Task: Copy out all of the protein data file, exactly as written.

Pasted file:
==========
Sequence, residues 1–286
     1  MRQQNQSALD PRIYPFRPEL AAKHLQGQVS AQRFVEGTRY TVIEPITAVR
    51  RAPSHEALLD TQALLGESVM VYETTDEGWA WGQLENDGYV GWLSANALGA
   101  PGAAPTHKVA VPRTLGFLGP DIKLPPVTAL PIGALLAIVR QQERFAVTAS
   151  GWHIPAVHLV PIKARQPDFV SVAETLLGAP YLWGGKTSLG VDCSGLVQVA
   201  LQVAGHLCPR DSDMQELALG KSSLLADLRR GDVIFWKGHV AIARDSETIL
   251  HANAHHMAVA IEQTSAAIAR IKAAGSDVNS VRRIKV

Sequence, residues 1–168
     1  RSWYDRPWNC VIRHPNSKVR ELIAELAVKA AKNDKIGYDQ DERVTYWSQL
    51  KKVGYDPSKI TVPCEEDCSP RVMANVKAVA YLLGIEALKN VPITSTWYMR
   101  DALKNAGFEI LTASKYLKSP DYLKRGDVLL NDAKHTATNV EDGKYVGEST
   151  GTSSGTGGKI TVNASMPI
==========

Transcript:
Sequence, residues 1–286
     1  MRQQNQSALD PRIYPFRPEL AAKHLQGQVS AQRFVEGTRY TVIEPITAVR
    51  RAPSHEALLD TQALLGESVM VYETTDEGWA WGQLENDGYV GWLSANALGA
   101  PGAAPTHKVA VPRTLGFLGP DIKLPPVTAL PIGALLAIVR QQERFAVTAS
   151  GWHIPAVHLV PIKARQPDFV SVAETLLGAP YLWGGKTSLG VDCSGLVQVA
   201  LQVAGHLCPR DSDMQELALG KSSLLADLRR GDVIFWKGHV AIARDSETIL
   251  HANAHHMAVA IEQTSAAIAR IKAAGSDVNS VRRIKV

Sequence, residues 1–168
     1  RSWYDRPWNC VIRHPNSKVR ELIAELAVKA AKNDKIGYDQ DERVTYWSQL
    51  KKVGYDPSKI TVPCEEDCSP RVMANVKAVA YLLGIEALKN VPITSTWYMR
   101  DALKNAGFEI LTASKYLKSP DYLKRGDVLL NDAKHTATNV EDGKYVGEST
   151  GTSSGTGGKI TVNASMPI